[llvm-dev] Buildbot Noise
Renato Golin via llvm-dev
llvm-dev at lists.llvm.org
Fri Oct 2 06:49:05 PDT 2015
On 1 October 2015 at 23:01, Philip Reames <listmail at philipreames.com> wrote:
> "unstable" these should be removed immediately. If the failure rate is more
> than 1 in 5 builds of a known clean revision, that's far too much noise to
> be notifying. To be clear, I'm specifically referring to spurious
> *failures* not environmental factors which are global to all bots.
There are some bugs that introduce intermittent behaviour, and it
would be very bad if we just disabled the bots that warned us about
them. Some genuine bugs in Clang or the sanitizers can come and go if
they depend on where the objects are stored in memory, or if the block
happens to be aligned or not.
One example is Clang's inability to cope with alignment when using its
own version of placement new for derived classes. Our ARM bots have
been warning on them for more than a year and we have fixed most of
them. If we had disabled the ARM bots the first time it became
"unstable", we would still have those problems and we wouldn't be
testing on ARM any more. Two very bad outcomes.
We have to protect ourselves from assuming too much, too early.
> "often red" these are extremely valuable (msan, etc..). Assuming we only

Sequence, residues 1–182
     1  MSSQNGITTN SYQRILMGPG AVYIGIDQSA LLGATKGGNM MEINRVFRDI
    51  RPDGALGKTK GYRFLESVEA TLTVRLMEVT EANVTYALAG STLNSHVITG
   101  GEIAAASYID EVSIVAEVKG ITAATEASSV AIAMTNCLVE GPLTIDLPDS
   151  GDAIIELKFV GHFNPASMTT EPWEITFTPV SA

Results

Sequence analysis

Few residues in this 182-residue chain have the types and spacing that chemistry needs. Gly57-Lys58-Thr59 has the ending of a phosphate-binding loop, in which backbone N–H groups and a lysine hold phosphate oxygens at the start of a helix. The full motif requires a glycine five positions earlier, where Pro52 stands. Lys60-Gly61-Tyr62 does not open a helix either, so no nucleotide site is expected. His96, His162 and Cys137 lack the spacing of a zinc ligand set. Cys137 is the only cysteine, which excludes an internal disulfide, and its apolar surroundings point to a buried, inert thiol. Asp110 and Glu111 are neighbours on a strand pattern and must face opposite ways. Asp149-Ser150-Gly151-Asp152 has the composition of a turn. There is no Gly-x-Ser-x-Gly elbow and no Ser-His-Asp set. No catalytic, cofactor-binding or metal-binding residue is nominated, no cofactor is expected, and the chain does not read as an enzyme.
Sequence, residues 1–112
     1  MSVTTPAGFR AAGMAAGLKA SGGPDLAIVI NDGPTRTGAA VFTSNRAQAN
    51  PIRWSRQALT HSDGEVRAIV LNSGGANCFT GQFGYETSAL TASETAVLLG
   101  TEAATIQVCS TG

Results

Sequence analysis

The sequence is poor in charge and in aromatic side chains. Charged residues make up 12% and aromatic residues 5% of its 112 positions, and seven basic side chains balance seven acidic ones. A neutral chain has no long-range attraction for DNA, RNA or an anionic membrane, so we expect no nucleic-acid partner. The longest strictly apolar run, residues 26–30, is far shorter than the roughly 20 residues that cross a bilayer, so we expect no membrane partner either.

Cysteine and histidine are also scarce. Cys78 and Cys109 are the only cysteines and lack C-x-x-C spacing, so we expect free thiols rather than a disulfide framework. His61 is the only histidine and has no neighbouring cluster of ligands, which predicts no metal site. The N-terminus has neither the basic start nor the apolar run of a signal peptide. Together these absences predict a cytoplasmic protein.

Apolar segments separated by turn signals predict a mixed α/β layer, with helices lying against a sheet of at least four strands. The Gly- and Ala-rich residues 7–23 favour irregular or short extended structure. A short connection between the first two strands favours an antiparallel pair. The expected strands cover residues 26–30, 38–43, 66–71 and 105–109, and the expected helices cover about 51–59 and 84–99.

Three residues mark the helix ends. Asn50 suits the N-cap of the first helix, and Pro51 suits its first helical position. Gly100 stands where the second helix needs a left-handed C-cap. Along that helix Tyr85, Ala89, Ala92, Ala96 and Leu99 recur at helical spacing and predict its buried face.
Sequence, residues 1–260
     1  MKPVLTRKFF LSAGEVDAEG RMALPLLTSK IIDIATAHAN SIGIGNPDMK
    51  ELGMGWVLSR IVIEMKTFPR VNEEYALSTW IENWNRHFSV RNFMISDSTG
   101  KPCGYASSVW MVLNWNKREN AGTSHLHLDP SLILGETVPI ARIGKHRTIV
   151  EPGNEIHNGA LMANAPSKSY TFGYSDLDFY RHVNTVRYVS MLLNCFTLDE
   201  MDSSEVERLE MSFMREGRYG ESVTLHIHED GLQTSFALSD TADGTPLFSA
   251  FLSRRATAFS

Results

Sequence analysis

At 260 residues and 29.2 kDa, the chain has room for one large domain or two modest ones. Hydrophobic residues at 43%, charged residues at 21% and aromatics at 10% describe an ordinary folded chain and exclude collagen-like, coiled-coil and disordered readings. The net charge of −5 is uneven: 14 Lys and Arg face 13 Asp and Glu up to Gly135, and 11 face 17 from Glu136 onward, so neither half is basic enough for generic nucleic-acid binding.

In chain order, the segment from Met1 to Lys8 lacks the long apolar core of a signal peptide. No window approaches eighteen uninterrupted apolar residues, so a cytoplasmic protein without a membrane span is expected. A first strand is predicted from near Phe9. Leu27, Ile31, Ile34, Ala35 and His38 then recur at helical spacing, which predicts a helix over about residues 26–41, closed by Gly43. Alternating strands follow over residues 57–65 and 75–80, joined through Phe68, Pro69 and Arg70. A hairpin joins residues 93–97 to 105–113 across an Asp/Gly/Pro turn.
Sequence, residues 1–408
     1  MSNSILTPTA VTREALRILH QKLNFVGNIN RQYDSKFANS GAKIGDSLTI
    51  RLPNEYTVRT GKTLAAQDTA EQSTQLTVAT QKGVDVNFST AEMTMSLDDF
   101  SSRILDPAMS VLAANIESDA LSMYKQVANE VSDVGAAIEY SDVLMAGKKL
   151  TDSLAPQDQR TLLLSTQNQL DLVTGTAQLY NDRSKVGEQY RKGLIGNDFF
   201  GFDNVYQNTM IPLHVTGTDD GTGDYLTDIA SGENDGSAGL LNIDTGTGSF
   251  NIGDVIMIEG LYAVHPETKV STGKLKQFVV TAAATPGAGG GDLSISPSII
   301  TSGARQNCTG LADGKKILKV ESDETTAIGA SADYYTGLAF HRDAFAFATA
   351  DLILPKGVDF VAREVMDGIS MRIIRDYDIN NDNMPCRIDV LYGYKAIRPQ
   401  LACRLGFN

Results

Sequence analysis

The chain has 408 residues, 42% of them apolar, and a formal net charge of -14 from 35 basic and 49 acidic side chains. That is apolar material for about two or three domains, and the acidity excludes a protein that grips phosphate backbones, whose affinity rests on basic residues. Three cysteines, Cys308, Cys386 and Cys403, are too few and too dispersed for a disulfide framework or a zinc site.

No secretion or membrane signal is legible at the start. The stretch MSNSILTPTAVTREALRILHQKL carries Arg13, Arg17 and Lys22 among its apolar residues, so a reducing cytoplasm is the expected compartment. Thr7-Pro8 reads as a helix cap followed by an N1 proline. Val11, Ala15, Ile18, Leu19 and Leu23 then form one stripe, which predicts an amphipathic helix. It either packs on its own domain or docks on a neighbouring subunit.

> notify on green->red, the only rule we should likely enforce is that each
> bot has been green "recently". I'd suggest a threshold of 2 months. If it
> hasn't been green in 2 months, it's not really a build bot.
This is the case I make on 1.4. If the bot is assumed to be red
because someone is slowly fixing its problems, than this bot belongs
to a separate buildmaster.
However, slow bots tend to be red for longer periods, not necessarily
for longer number of builds. OTOH, fast bots can be red for a very
large number of builds, but immediately green when a revert is
applied. So we need to be careful on timings here.
> So, maybe I'm missing something, but: why is it any harder to bring a
> silence bot green than an emailing one?
It's not. But keeping it green later is, because it takes time to
change the buildmaster. For obvious reasons, not all of us have access
to the buildmaster, meaning we depend on the few people that work on
it directly to move things around.
By adding the uncertainty of commits breaking the build to the
uncertainty of when the master will be updated, you can easily fall
into a deadlock. I have been in situations when in the period of two
weeks I had to bring one bot from red to green 5 times. If in between
someone put that bot to not warn, it could have taken me more time to
realise, and every new failure on top of the original makes the
process non-linearly more complex, especially if whoever fixed the bot
is committing loads of patches to try to fix the mess. Reverting two
sequences of intercalated patches independently is more than twice
harder than one sequence, and so on.
I think if we had different public masters, and if the bot owner had
the responsibility to move between them, that could work well, since
moving masters is in the owners' power, while moving groups in the
master is not.
We can then leave the decision of disabling the bot in the master for
more radical solutions, when the bot owner is not responsive or
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